The business perks of empathetic leadership

The new EY report found that empathetic leaders encouraged staff retention and productivity

Lack of empathetic leadership can lead to employee turnover, according to a new report by Ernst & Young LLP US entitled the ‘2021 EY Empathy in Business Survey.’

Lack of empathetic leadership and employee turnover

The survey of over 1,000 employed Americans found that many respondents have left a job because their boss “wasn’t empathetic to their struggles at work” (54%), while another 49% said their boss wasn’t empathetic to issues in their personal lives.

The survey also found that over half (58%) of employees have left a job because they didn’t feel valued by their boss, while 48% have left a job because they didn’t feel like they belonged.

A significant number also said that their company’s approach to empathy was performative, where 46% of said “efforts to be empathetic toward employees are dishonest.” Furthermore, 42% said their company “doesn’t follow through when it makes promises.”

Ultimately, empathetic leadership is not only good for employee wellbeing, but its power to aid retention could stem the harmful effects of the “great resignation” on firms, where a record 4.3 million US workers quit their jobs in August 2021 while vacancies continue to flood the jobs market globally.

What an empathetic leader looks like

To the employees involved in the survey, an empathetic leader is transparent and fair and follows through on actions. The top five qualities employees look for in an empathetic senior leader are:

• Being open and transparent (41%).

• Being fair (37%).

• Following through on actions (37%).

• Encouraging others to share their opinions (36%).

• Being trusted to handle difficult conversations (34%).

The perks of empathetic leadership

A vast majority of respondents (89%) agreed that empathy makes for better leadership, while 88% said empathetic leadership “inspires positive change within the workplace”, and a further 87% said that it creates trust between employees and leaders.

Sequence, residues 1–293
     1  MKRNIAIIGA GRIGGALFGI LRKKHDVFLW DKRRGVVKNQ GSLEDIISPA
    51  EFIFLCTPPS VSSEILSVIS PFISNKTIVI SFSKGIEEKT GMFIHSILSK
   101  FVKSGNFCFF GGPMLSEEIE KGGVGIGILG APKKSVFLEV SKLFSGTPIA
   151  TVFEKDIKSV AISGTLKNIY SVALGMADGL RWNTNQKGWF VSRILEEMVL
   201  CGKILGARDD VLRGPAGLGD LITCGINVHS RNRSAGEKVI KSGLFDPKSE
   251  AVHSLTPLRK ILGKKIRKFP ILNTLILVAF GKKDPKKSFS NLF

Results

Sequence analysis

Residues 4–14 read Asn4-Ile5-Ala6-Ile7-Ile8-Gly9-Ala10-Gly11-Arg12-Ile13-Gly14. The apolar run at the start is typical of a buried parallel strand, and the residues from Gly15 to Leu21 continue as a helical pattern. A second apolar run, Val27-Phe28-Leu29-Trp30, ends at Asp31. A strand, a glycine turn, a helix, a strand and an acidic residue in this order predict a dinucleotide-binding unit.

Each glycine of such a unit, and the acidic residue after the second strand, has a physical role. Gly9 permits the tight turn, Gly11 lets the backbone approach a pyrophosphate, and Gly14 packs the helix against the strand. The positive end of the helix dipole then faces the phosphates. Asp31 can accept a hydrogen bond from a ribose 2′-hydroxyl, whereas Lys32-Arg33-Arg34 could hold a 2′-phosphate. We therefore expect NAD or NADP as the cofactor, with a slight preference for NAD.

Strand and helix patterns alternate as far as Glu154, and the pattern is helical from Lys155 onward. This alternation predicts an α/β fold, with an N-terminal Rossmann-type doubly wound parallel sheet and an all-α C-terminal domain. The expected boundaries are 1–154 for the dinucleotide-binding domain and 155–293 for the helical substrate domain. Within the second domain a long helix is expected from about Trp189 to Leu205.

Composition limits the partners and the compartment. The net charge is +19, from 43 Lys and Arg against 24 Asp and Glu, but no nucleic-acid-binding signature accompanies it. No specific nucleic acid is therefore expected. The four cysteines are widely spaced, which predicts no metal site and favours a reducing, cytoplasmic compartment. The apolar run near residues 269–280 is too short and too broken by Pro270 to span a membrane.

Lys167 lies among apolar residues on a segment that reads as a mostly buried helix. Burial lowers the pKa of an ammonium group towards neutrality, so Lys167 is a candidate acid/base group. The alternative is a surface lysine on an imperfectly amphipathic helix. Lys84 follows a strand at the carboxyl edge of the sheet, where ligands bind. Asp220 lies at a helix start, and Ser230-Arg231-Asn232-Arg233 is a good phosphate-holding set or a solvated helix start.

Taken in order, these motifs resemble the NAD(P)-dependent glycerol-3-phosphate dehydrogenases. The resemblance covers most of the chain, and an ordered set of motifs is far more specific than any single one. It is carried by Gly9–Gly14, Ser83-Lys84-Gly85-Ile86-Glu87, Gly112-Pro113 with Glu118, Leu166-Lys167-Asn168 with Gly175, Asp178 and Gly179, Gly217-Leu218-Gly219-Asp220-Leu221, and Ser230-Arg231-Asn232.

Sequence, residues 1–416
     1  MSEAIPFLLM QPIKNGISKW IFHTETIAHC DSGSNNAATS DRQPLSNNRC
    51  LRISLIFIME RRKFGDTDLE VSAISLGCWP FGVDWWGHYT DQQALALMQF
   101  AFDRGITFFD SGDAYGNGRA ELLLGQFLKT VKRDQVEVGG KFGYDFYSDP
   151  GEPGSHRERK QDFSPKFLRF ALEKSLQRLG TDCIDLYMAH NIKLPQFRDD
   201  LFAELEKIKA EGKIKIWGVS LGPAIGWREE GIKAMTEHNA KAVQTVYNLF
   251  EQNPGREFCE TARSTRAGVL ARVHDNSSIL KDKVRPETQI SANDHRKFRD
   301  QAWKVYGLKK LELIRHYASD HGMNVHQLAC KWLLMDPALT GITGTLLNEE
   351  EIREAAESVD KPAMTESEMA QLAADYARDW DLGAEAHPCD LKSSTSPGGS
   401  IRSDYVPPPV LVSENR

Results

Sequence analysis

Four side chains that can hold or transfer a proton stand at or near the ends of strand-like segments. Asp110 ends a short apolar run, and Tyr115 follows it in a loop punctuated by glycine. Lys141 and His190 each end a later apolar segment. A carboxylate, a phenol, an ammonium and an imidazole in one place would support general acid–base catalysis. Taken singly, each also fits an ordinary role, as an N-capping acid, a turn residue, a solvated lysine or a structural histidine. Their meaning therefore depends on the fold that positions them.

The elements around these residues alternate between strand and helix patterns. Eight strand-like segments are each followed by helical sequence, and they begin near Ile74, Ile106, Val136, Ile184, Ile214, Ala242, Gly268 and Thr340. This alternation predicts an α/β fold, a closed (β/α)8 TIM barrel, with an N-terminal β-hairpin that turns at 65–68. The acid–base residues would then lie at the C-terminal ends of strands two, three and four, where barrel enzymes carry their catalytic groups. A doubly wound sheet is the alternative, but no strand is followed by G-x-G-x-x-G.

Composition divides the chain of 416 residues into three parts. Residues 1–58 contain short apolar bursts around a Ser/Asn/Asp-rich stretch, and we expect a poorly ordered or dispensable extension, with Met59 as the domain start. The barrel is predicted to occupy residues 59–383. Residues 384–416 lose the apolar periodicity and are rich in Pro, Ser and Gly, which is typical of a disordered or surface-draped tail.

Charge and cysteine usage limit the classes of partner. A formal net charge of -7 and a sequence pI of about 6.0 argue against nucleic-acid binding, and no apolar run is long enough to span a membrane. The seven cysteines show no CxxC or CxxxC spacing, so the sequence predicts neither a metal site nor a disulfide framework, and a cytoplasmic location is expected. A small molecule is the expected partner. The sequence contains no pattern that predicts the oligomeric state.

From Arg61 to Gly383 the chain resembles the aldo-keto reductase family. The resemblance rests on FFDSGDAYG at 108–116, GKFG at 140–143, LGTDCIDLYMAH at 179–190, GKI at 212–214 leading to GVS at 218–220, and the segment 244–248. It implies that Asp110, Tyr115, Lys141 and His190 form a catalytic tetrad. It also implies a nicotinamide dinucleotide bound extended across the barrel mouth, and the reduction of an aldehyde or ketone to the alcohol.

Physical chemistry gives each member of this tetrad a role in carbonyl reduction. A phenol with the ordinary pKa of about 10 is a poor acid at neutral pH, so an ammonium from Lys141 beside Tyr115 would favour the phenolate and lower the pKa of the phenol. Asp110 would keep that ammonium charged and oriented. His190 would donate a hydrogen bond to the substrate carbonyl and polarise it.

Additionally, 85% said that empathetic leadership in the workplace increases workplace productivity among staff.

Respondents also cited mutual empathy between leadership and staff as important, where this increases efficiency (87%), creativity (87%), innovation (86%), and company revenue (81%).

Employees also said that being able to have open and honest conversations with bosses was important, where 85% said cultivating a climate in which diverse perspectives are valued was key.

However, around 30% said they are not comfortable advocating for cultural changes within their organisation, while one-in-four (26%) do not feel comfortable raising ethical concerns.

Employees shared what would make them feel more comfortable about having open discussions with leadership:

  • Having regularly scheduled one-on-ones (45%).
  • Providing opportunities to give anonymous feedback (42%).
  • Participating in team-building exercises (37%).
  • Receiving frequent reminders that they’re in a safe space to have open discussions (36%).
  • Participating in training/communication workshops about having open discussions (36%).

Steve Payne, EY Americas Vice Chair – Consulting, said: “As a result of the COVID-19 pandemic, leaders are working to establish business transformation models to adapt to the new normal. Our research finds that empathy is not only a nice-to-have but the glue and accelerant for business transformation in the next era of business. Empathy’s ability to create a culture of trust and innovation is unmatched, and this previously overlooked trait must be at the forefront of businesses across all industries.

“The ability to connect with employees and provide a supportive work environment is more important than ever. Organisations and leaders must prioritise empathy to foster innovation, inspire growth, and successfully lead business transformation efforts.”

In this article, you learned that:

  • Lack of belonging, not feeling valued, and lack of empathy from leadership about an employee’s professional and personal life can contribute to them leaving a job.
  • A majority of employees involved in the survey said “being open and transparent” (41%) was the most important characteristic of being an empathetic leader.
  • Empathetic leadership was believed by a majority of staff to boost productivity (85%).

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